Beliefnet
J Walking

Perhaps President Bush is teaching a most unintentional lesson to Christians with the ear to hear. I’m obviously upset with his SCHIP decisions and have written about it here and here and here and here.
But read what Pudge writes:

I’ve heard no one — not you, not Jim Wallis, not anyone — who advocates a Christian-compassion justification for government charity ever justify why government should be used as the agent of that charity. Indeed, to me, charity is love, and government charity is forced charity, which is an oxymoron. If I may be so blunt: there is nothing Christian about forcing someone to give to someone else.

And then read to what my friend Greg Boyd writes about Christian political obsession:

…instead of confessing our greed and ungodly divisiveness and sacrificially pooling our resources to serve the poor, we tend to rather point the finger at government while positioning ourselves as people who are smarter at spending public funds and solving tough issues and more righteous in caring about the needy. I suspect the American Church has been so divided, so influenced by American greed and thus so impotent for so long, most can’t even imagine it being otherwise. Related to this, we’ve relinquished so much responsibility for caring for the poor to the government for so long, most American Christians can’t picture the Church itself, without the aid of government, taking responsibility for this.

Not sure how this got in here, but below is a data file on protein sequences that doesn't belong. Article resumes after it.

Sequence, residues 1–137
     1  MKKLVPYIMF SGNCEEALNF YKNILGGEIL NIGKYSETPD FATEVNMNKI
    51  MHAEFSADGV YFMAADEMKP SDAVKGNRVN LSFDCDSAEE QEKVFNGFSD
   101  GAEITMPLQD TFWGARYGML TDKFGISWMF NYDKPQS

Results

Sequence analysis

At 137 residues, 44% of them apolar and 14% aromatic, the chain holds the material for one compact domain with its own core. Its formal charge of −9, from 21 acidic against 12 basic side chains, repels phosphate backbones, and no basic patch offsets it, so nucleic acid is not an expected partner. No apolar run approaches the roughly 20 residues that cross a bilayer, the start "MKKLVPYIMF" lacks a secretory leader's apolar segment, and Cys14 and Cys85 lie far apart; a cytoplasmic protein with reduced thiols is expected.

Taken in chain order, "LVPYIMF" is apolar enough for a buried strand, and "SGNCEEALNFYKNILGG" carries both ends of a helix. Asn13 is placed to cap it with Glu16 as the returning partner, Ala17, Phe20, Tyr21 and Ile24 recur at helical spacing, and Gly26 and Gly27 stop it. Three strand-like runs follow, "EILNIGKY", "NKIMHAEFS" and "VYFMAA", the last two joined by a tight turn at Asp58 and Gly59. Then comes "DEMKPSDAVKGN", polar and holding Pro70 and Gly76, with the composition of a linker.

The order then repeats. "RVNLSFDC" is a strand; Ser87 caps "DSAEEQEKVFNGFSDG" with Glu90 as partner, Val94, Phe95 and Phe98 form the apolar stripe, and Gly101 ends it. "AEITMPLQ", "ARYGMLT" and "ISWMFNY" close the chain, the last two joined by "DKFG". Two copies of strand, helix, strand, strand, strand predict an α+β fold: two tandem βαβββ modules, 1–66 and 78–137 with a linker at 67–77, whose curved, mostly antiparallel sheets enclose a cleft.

Due to this impoverished imagination, we sadly assume our highest calling is to be the high priests of Caesar’s court, telling it how God allegedly wants it to spend its money.

Both are speaking truth.
While there is obviously a vital role for government in caring for people, that role is greater than it need be because the Church of Jesus Christ (all the millions of churches) in the United States isn’t fulfilling its mission to sacrificially love and give to those who need the help.
If the church were really, truly being the church we wouldn’t have huge debates and discussions about funding faith-based programs because, frankly, those programs would be so flush in cash the last thing they would need is more money.
Isn’t it time that we start talking at least as much about the revolution that needs to occur in the church as we do about the changes that need to occur in government?

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